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What object can I use to get the current PageName.aspx (including the extension .aspx) from the URL? I can't find what object and method to allow me to grab this when I'm on a page.

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You could google this you know. Type in get page name in asp.net inside of google and it works wonders. –  JonH Dec 2 '09 at 14:42
3  
If "googling" bought up stack overflow page then you should've posted that question/answer. If it did not then it should be asked here like this so that StackOverflow is the first port of call for anything that is "googled". –  Robin Day Dec 2 '09 at 14:47
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@LymanZerga and @Robin Day, the first answer on Google (and perhaps additional answers), which is www.aspcode.net/Get-current-page-name.aspx on my search, leads to a FileInfo based solution. See my answer below about the drawbacks of it. This is why such question, which seems so trivial, still deserves a decent discussion, sharing the knowledge and experience of all of us. Cheers! –  Ron Klein Dec 2 '09 at 15:00

6 Answers 6

up vote 4 down vote accepted

Pino here's the source lil man: http://www.devx.com/tips/Tip/42433

  string sPagePath = System.Web.HttpContext.Current.Request.Url.AbsolutePath;
    System.IO.FileInfo oFileInfo = new System.IO.FileInfo(sPagePath);
    string sPageName = oFileInfo.Name;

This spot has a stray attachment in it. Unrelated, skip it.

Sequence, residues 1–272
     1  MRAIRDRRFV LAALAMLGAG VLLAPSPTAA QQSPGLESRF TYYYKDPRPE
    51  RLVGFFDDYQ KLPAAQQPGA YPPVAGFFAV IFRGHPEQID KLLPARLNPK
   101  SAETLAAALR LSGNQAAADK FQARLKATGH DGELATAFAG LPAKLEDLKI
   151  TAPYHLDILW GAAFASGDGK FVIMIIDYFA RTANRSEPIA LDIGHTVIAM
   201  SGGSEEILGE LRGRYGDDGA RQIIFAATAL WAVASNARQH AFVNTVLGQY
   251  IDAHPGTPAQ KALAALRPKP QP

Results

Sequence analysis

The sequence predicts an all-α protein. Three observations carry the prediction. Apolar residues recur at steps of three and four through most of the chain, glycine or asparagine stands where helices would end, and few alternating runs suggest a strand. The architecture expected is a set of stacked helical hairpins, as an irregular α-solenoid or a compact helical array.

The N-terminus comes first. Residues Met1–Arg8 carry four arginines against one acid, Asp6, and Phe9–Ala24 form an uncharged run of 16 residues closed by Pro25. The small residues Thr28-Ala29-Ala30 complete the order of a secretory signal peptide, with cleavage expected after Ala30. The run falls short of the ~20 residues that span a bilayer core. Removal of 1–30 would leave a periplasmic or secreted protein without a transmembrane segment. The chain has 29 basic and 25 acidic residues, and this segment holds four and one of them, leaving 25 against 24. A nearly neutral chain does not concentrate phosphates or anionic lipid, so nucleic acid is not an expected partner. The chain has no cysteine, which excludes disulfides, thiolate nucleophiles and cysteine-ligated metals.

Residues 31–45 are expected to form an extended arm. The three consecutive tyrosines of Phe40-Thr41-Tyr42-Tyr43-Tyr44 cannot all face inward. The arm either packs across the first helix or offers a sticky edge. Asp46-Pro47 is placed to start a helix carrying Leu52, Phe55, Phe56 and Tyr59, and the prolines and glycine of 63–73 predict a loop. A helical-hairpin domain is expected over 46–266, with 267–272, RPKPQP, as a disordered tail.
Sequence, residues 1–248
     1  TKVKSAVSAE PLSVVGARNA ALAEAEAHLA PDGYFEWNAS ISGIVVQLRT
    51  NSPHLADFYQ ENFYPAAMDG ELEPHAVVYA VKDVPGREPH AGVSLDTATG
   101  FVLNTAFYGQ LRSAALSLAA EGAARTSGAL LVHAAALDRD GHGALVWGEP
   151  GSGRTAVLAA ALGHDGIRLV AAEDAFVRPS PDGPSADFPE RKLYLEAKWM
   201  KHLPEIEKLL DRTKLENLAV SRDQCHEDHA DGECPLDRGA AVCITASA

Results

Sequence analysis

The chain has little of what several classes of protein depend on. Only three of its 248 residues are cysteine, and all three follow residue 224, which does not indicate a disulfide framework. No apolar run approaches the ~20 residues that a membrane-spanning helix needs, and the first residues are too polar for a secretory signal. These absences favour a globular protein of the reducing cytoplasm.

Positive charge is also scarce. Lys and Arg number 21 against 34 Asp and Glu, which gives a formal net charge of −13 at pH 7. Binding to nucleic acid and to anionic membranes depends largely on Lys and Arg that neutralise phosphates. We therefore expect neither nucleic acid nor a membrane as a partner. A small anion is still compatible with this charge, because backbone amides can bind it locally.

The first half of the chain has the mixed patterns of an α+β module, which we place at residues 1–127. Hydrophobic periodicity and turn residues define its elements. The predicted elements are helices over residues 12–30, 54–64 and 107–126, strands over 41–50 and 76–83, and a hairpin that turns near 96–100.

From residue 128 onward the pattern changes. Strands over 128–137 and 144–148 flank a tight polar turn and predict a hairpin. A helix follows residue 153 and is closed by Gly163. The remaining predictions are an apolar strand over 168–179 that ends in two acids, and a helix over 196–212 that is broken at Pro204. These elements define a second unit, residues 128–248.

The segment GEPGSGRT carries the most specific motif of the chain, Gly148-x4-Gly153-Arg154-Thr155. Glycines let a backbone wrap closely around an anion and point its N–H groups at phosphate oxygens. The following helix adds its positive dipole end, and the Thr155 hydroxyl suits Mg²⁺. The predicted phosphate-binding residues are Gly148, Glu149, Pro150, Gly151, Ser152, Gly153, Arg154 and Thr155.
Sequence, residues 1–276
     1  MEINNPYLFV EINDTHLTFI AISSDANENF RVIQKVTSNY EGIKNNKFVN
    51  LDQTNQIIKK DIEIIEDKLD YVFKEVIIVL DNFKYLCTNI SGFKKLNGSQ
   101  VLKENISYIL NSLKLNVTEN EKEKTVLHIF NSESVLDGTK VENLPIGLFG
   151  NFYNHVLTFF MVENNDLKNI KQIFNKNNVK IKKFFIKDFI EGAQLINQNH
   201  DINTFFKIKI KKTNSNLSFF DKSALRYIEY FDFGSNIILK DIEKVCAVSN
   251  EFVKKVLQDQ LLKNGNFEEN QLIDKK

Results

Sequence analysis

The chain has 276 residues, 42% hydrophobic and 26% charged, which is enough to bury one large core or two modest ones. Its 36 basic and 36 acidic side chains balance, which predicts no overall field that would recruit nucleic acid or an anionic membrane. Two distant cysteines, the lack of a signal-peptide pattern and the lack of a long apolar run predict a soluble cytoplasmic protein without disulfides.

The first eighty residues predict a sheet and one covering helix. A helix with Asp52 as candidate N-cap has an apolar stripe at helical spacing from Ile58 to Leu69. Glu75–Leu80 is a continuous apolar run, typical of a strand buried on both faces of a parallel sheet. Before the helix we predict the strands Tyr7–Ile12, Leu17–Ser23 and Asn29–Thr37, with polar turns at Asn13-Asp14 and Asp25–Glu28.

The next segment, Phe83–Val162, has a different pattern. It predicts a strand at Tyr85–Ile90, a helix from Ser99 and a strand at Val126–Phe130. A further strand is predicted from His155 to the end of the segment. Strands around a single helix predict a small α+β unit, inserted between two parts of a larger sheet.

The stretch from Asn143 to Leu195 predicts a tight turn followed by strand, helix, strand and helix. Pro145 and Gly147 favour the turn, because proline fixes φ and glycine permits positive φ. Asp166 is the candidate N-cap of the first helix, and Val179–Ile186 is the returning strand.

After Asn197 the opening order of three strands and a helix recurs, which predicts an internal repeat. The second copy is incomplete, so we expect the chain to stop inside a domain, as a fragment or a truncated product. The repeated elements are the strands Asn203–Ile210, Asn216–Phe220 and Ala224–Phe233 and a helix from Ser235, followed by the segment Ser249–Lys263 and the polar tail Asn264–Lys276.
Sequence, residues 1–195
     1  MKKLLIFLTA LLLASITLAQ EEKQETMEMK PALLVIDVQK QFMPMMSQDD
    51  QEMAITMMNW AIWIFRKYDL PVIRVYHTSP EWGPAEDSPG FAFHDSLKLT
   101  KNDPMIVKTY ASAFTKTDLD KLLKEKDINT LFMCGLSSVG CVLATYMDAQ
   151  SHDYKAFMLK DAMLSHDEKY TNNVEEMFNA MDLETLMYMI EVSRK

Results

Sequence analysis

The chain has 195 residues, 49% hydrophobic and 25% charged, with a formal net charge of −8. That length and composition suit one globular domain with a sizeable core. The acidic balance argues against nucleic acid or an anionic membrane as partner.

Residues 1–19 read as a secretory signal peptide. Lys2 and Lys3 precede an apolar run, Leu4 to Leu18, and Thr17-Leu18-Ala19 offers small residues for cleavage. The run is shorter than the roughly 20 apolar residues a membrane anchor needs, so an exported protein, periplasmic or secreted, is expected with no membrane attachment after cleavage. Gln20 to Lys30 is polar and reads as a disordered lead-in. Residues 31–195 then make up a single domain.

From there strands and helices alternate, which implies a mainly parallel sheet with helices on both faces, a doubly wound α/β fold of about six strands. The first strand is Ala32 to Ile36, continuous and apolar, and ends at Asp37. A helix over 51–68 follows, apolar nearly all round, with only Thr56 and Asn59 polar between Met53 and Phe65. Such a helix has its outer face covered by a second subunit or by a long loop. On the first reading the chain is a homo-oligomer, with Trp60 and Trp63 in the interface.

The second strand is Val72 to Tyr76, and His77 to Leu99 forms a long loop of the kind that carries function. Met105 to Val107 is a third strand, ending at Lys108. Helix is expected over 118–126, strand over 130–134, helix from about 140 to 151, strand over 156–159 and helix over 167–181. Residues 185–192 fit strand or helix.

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thanks a lot, I just could not find it! –  CoffeeAddict Dec 2 '09 at 14:42
    
Please post the souce, you stole this from the place I linked too. (1 minyte before your post.) –  LiamB Dec 2 '09 at 14:44
    
I didn't steal anything, look at my original comment that states its in google. But that is certainly the funniest thing I have ever heard. –  JonH Dec 2 '09 at 15:00
    
use oFileInfo instead of oInfo in last Line! –  Jeson Park Apr 30 '13 at 7:52

Note that sometimes, on shared hosting like GoDaddy, you might not have the permission to create a new FileInfo object. Yes, believe it.

So I suggest you use this snippet:

string fullPath = /* System.Web.HttpContext.Current. (optional in most cases) */ Request.Url.AbsolutePath;
string fileName = System.IO.Path.GetFileName(fullPath);

Enjoy :-)

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Very nice indeed, especially wrapped up in a single statement: System.IO.Path.GetFileNameWithoutExtension(Request.Url.AbsolutePath) –  Chris B Apr 25 '13 at 12:06
    
Presumably GetFileName and GetFileNameWithoutExtension are simply parsing the name passed in and not actually doing anything with the filesystem... –  Chris B Apr 25 '13 at 12:15

http://www.aspcode.net/Get-current-page-name.aspx

public string GetCurrentPageName() 
{ 
    string sPath = System.Web.HttpContext.Current.Request.Url.AbsolutePath; 
    System.IO.FileInfo oInfo = new System.IO.FileInfo(sPath); 
    string sRet = oInfo.Name; 
    return sRet; 
}
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Request.Url.AbsolutePath

Split about '/', last item is your file name.

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How about this:

    var pageName = System.IO.Path.GetFileName(Request.Url.ToString());
    Response.Write(pageName);
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string pageName = Path.GetFileName(Request.Path);
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1  
Path.GetFileName(Request.PhysicalPath); is correct! –  Jeson Park Apr 30 '13 at 7:56

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